Probable cause hearings are a part of the pre-trial stages of a criminal case. They are intended to determine whether probable cause existed (usually in relation to the arrest of the defendant or a search for evidence).
Probable cause is a requirement in criminal cases. Basically, there must be sufficient reason, based on objective facts, to believe that the suspect has committed a crime or that certain property is connected with a crime. Law enforcement officers must have probable cause before they can make an arrest or seize evidence.
Defendants who have been charged with felony offenses have the right to a probable cause hearing (although those charged with misdemeanors do not have the same right). Depending on your state’s rules, the probable cause hearing may be optional.
It is a good idea to consult with a qualified criminal defense attorney to make sure that you protect your rights concerning a probable cause hearing. While you may have a right to a probable cause hearing, there are two instances when the hearing becomes necessary.
The first instance happens before an arrest occurs. When law enforcement requests an arrest warrant from the court, authorities need to establish probable cause before the court issues the warrant.
The second instance where a probable cause hearing is necessary occurs after the arrest occurs — usually to determine whether the arrest occurred legally. If law enforcement officers had probable cause to make the arrest, then the arrest will be considered legal. This second type of hearing is sometimes called a preliminary hearing, and can happen at the same time or in connection with arraignment.
One more point to consider: generally speaking, if the arrest was made pursuant to a warrant, then a probable cause hearing is not necessary. The issue of probable cause was already determined by the court when the arrest warrant was issued.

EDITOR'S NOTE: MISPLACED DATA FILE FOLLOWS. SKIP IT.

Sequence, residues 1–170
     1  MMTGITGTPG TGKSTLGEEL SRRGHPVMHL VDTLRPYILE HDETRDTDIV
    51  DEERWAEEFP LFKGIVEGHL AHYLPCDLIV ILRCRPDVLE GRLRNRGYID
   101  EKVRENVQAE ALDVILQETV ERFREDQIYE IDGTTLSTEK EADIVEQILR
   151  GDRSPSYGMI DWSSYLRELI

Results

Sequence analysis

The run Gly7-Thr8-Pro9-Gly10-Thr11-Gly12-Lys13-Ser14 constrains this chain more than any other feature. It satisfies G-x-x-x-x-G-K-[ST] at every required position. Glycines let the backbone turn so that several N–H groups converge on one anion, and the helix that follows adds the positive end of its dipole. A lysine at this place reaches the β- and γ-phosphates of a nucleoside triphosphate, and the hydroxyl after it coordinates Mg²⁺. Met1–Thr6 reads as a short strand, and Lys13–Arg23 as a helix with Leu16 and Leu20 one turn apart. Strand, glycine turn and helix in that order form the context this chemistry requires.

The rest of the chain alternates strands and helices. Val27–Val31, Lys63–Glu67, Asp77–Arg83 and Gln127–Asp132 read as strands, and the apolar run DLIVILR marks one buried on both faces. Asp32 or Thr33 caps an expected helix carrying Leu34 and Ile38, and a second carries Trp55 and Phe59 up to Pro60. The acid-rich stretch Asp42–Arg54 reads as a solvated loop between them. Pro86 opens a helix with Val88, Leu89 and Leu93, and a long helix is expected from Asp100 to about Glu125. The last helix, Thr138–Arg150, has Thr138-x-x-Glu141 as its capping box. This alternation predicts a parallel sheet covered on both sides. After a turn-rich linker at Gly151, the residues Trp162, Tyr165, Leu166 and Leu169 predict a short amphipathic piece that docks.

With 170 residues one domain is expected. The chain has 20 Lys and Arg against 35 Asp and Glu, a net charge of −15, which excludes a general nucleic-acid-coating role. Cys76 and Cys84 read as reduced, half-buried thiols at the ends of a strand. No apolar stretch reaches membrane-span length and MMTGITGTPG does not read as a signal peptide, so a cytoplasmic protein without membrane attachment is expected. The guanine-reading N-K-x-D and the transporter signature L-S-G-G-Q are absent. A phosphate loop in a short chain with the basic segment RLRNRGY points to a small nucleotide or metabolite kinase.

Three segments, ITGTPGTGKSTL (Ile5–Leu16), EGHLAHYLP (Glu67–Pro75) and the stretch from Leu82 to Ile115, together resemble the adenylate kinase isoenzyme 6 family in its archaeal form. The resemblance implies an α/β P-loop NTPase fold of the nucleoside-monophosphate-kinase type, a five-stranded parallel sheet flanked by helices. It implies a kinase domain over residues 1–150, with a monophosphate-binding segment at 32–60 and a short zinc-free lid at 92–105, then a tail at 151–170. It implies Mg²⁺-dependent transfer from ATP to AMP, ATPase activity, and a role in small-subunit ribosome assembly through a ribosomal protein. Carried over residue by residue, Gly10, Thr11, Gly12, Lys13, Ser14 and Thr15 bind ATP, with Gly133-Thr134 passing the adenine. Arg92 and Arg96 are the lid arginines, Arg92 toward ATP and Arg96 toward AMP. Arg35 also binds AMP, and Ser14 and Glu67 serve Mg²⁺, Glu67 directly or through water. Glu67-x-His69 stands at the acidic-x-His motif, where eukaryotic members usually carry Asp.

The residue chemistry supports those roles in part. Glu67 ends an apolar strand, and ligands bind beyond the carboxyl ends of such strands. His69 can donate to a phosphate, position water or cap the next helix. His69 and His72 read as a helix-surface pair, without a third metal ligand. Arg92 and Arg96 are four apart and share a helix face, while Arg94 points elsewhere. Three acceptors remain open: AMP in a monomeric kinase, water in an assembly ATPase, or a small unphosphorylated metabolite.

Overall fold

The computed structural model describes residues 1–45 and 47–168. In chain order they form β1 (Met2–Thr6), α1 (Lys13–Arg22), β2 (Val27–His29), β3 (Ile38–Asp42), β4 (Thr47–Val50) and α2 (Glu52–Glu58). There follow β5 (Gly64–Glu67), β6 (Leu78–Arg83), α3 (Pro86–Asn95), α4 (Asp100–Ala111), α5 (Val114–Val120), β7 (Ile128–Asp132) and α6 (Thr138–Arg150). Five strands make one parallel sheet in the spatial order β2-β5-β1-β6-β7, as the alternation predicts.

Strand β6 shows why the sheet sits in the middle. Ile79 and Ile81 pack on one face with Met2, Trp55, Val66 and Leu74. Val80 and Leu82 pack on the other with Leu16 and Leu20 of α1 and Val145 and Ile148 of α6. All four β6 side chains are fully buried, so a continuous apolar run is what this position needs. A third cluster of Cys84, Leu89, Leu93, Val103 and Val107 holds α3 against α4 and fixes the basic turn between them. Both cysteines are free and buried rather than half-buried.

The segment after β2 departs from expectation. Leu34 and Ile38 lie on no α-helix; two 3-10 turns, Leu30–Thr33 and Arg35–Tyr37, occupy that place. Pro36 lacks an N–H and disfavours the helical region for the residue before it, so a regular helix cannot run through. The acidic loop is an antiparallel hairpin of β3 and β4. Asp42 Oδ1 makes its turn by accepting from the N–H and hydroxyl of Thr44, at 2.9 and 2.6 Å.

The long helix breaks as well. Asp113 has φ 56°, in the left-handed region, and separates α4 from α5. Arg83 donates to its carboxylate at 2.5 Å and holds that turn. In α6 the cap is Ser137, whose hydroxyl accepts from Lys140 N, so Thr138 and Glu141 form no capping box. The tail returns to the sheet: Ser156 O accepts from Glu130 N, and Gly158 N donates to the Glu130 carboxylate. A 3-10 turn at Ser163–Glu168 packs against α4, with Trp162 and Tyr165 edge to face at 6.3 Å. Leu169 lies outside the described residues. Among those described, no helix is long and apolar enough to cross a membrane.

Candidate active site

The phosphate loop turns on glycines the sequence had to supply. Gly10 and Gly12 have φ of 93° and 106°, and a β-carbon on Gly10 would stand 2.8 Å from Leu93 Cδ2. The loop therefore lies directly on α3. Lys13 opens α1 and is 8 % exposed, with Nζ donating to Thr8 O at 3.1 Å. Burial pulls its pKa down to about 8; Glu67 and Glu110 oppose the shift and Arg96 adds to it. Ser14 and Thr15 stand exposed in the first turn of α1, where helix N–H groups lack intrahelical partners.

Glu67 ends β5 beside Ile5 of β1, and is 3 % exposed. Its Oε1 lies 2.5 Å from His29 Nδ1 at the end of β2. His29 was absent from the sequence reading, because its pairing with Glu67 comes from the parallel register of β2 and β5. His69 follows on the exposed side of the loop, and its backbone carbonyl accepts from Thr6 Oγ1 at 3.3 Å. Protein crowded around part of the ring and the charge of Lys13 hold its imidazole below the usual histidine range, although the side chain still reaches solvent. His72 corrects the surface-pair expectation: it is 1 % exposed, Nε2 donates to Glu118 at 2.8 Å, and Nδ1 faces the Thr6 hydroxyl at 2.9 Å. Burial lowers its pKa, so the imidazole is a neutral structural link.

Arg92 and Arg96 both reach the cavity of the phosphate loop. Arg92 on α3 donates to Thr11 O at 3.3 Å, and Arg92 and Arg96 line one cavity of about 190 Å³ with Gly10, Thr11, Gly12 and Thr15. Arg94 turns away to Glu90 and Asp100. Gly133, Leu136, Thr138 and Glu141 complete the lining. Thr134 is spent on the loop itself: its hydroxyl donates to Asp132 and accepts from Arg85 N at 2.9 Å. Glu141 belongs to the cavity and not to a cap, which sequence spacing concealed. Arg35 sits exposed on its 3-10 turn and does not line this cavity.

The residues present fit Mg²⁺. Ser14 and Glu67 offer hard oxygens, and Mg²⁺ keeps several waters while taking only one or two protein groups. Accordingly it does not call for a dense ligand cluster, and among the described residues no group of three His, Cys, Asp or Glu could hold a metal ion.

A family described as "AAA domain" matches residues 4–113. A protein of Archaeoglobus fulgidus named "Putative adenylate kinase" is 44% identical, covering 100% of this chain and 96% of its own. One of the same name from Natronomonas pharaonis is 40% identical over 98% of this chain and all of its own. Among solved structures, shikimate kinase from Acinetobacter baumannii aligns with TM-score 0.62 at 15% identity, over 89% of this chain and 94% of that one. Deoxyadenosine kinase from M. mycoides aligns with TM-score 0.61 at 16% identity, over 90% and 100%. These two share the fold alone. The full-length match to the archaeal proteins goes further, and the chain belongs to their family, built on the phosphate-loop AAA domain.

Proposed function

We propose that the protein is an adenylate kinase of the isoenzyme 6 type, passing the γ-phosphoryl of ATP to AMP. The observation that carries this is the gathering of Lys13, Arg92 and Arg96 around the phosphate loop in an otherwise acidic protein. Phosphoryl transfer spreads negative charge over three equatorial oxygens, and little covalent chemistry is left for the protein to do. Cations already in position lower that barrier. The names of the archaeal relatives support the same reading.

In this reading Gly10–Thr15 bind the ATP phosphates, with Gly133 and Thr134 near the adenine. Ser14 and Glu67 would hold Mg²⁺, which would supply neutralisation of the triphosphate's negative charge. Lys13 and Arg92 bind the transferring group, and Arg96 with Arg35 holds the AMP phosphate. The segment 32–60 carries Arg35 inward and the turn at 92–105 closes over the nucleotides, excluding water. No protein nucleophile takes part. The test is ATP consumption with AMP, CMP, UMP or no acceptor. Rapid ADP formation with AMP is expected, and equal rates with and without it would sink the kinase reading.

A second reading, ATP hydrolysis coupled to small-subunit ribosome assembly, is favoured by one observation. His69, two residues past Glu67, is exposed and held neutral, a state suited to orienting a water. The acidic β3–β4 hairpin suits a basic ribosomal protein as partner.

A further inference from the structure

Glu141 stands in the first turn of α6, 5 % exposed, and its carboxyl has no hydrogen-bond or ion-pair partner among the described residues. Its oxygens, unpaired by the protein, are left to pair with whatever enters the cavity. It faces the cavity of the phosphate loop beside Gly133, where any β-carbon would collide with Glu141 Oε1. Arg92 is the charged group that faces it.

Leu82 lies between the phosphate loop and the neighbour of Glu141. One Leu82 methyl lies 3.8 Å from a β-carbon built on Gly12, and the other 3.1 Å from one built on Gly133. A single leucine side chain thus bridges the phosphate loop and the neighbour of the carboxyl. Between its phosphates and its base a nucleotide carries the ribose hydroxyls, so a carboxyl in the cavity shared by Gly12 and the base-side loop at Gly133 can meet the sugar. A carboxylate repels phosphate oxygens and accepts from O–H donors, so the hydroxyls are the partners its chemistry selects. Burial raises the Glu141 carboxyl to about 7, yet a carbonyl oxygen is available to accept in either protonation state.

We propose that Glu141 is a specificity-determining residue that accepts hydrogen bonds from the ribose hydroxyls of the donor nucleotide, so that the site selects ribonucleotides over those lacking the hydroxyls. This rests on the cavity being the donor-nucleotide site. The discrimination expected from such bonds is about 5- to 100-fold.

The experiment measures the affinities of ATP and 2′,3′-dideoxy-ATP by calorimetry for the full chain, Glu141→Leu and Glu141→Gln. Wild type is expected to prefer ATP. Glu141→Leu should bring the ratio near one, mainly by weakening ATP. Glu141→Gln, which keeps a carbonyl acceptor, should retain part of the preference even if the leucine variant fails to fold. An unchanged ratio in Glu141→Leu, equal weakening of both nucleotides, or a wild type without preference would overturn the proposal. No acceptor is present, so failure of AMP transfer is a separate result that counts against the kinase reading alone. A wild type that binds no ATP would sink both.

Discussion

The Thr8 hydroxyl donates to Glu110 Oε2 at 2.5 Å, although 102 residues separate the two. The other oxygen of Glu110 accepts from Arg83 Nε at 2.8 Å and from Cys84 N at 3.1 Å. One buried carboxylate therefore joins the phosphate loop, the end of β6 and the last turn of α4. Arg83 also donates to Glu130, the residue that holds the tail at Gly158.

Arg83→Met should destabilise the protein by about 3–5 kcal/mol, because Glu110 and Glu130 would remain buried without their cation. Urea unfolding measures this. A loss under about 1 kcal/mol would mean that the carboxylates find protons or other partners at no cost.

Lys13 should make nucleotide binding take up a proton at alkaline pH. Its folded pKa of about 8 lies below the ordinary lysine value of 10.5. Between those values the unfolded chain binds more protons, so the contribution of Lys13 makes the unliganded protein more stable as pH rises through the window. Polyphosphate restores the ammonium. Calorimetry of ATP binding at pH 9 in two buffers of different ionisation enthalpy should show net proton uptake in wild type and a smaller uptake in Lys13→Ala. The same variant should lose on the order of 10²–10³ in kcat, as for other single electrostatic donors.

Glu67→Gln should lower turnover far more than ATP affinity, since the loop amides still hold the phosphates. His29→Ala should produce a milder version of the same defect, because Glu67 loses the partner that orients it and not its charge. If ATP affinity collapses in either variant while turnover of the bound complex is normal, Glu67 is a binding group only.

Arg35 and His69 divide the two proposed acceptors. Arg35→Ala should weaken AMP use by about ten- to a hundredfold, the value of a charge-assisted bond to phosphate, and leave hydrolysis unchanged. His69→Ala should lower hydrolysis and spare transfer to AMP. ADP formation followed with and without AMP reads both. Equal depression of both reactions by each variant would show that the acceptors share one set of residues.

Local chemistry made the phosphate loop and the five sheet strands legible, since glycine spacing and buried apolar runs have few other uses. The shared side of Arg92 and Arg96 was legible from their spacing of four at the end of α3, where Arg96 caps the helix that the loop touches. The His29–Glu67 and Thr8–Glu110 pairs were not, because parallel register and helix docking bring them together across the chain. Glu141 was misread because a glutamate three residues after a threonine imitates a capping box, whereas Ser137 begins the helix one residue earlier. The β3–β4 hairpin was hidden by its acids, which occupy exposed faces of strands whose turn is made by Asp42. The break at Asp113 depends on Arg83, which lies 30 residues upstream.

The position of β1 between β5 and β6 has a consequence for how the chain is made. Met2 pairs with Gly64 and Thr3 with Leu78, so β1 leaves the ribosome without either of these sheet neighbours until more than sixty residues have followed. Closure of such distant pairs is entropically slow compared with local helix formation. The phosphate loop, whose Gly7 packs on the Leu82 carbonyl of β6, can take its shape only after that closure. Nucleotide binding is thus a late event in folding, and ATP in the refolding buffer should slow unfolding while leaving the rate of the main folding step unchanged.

Probable cause hearings usually address two main issues: whether the crime was committed within the court’s jurisdiction, and whether probable cause existed to justify the arrest or seizure of evidence. Other issues may be discussed, such as bail (especially if the hearing is being conducted in conjunction with arraignment), or any other charges that may be added to the case.
The hearing is intended to establish whether the prosecution has enough evidence against the defendant to take the case to trial. The prosecution does not have to show their case beyond a reasonable doubt at this point — they only have to show that it is more likely than not that a crime was committed, and also that the defendant committed the crime.
Probable cause is usually established through the presentation of several different forms of evidence. These types of evidence can include physical evidence, forensic evidence, or testimonial evidence.
At the probable cause hearing, the normally strict rules of evidence are not in effect yet, as trial has not formally begun. Some states allow the prosecution to rely on hearsay testimony (or other testimony that would otherwise be inadmissible at trial) at the probable cause hearing.
Evidence that may have been obtained illegally may not be excluded for the purpose of the hearing. (Although that evidence, if illegally obtained, may be excluded from trial.) Typically, the law enforcement officer who initiated the arrest will be called to testify regarding their knowledge of the circumstances of the case.
Even though trial has not officially begun, the defendant still has legal rights, even in the context of a probable cause hearing. Among these rights, the defendant has:
- The right to appear in person at the hearing;
- The right to be represented by a lawyer during the hearing;
- The right to cross-examine witnesses who have been called to testify by the prosecution;
- The right to contest the existence of probable cause; and
- The right to waive the probable cause hearing.
If you do choose to waive your right to a probable cause hearing, that does not mean that you are admitting guilt. Formal pleas in the case (like pleading “guilty” or “not guilty”) don’t happen until a formal arraignment.
Because the hearing is intended to establish whether the prosecution has enough evidence to take the case to trial, cases can be dismissed if the prosecution is unable to prove that probable cause existed at the time of arrest.
If you have been arrested and are facing criminal charges, it is in your best interests to enlist the services of an experienced criminal defense lawyer. Probable cause hearings can become complicated very quickly, and you will want to have someone with that kind of expertise on your side.
Your attorney will be able to talk you through the facts of the case, protect your rights during the course of the case, and can represent you in court during your hearing. Depending on your agreement, can also represent you in court at trial, if it comes to that.